Completeness of an ancient logic

Journal of Symbolic Logic 37 (4):696-702 (1972)
In previous articles, it has been shown that the deductive system developed by Aristotle in his "second logic" is a natural deduction system and not an axiomatic system as previously had been thought. It was also stated that Aristotle's logic is self-sufficient in two senses: First, that it presupposed no other logical concepts, not even those of propositional logic; second, that it is (strongly) complete in the sense that every valid argument expressible in the language of the system is deducible by means of a formal deduction in the system. Review of the system makes the first point obvious. The purpose of the present article is to prove the second. Strong completeness is demonstrated for the Aristotelian system.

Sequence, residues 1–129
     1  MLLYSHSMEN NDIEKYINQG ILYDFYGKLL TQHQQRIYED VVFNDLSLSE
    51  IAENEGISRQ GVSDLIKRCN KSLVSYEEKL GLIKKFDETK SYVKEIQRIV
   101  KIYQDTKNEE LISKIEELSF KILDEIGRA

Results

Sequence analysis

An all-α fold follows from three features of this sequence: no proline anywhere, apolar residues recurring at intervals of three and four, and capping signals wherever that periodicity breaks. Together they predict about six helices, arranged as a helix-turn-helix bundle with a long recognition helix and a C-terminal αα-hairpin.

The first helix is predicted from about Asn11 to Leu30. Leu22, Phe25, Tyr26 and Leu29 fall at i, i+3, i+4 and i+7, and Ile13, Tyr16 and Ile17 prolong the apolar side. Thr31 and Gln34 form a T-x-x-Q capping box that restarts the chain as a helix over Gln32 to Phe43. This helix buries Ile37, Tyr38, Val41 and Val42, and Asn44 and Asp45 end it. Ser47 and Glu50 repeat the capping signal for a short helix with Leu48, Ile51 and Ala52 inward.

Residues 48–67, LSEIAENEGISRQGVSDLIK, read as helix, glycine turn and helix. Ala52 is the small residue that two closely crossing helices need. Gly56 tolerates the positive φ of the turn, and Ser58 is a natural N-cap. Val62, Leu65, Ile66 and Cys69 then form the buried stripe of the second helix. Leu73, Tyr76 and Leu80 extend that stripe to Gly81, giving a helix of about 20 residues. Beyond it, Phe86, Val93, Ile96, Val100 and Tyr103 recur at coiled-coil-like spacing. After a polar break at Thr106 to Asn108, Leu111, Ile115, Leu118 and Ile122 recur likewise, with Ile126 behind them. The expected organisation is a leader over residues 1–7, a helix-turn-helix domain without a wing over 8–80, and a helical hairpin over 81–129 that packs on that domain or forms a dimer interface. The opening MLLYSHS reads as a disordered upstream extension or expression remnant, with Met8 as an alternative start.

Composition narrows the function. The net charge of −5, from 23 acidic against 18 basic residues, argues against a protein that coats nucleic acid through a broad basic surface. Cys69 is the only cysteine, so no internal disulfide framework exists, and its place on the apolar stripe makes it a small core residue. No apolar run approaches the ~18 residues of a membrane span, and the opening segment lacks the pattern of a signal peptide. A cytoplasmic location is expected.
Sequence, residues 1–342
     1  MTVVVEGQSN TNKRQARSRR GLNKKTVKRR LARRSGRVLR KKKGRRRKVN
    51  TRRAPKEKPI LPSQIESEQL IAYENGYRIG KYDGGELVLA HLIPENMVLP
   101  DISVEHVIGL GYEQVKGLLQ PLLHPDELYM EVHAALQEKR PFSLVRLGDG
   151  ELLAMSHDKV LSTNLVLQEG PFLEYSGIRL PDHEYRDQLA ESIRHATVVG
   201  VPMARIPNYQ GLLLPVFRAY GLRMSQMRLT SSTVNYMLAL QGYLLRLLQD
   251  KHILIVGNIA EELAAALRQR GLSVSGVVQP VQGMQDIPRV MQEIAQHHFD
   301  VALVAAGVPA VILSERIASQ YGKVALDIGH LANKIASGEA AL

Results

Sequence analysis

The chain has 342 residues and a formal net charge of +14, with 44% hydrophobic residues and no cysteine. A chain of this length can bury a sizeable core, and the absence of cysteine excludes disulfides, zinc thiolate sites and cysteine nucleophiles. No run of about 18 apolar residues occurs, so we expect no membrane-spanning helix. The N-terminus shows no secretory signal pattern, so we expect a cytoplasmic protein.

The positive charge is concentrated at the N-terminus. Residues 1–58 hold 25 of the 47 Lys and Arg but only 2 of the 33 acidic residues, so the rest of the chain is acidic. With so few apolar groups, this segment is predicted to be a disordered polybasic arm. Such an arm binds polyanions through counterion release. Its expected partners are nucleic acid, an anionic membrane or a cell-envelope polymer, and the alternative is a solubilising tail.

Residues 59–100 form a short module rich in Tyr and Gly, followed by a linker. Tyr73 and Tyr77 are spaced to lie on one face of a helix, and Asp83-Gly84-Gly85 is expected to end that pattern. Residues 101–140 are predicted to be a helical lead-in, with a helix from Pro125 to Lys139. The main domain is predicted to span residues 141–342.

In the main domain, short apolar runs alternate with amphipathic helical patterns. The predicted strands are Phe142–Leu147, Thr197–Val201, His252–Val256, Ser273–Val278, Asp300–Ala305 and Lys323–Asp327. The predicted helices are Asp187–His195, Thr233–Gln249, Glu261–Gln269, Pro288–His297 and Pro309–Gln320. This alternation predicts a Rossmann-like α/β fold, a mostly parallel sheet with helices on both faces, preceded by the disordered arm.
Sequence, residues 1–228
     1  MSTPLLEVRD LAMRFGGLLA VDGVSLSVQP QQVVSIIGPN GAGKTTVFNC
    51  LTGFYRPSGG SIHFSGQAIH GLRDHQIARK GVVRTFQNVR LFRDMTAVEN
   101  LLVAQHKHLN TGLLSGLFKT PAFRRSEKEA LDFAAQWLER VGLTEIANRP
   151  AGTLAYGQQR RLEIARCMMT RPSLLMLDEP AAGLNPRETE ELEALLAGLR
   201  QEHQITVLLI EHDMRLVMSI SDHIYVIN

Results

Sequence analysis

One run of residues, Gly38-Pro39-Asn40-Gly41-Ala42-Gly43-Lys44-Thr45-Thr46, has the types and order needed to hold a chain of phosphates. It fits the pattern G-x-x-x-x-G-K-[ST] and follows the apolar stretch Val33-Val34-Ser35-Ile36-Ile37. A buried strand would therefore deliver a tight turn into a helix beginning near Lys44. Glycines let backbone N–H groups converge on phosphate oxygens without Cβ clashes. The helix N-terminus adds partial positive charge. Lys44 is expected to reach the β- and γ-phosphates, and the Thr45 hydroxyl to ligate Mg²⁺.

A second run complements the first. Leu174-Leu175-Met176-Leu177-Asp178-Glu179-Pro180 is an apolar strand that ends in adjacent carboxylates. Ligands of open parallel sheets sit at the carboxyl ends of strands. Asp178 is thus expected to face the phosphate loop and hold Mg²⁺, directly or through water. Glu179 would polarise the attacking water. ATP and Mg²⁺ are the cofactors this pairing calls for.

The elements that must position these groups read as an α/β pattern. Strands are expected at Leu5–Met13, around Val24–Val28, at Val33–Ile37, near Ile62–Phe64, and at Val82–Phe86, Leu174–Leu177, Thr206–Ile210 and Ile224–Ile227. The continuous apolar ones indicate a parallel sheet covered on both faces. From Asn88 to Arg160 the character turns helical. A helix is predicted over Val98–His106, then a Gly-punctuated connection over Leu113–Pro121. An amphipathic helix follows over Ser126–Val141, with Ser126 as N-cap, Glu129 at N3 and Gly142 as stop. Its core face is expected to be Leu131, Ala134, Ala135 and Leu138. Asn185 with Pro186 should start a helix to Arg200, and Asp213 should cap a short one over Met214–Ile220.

Keywords Aristotle  syllogistic  completeness  natural deduction  indirect deduction  axiom-free  underlying logic  semantics  syntax  multi-premise syllogisms
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DOI 10.2307/2272415
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Neil Tennant (2014). Aristotle's Syllogistic and Core Logic. History and Philosophy of Logic 35 (2):120-147.
John Corcoran (2009). Aristotle's Demonstrative Logic. History and Philosophy of Logic 30 (1):1-20.
John M. Martin (1997). Aristotle'S Natural Deduction Reconsidered. History and Philosophy of Logic 18 (1):1-15.

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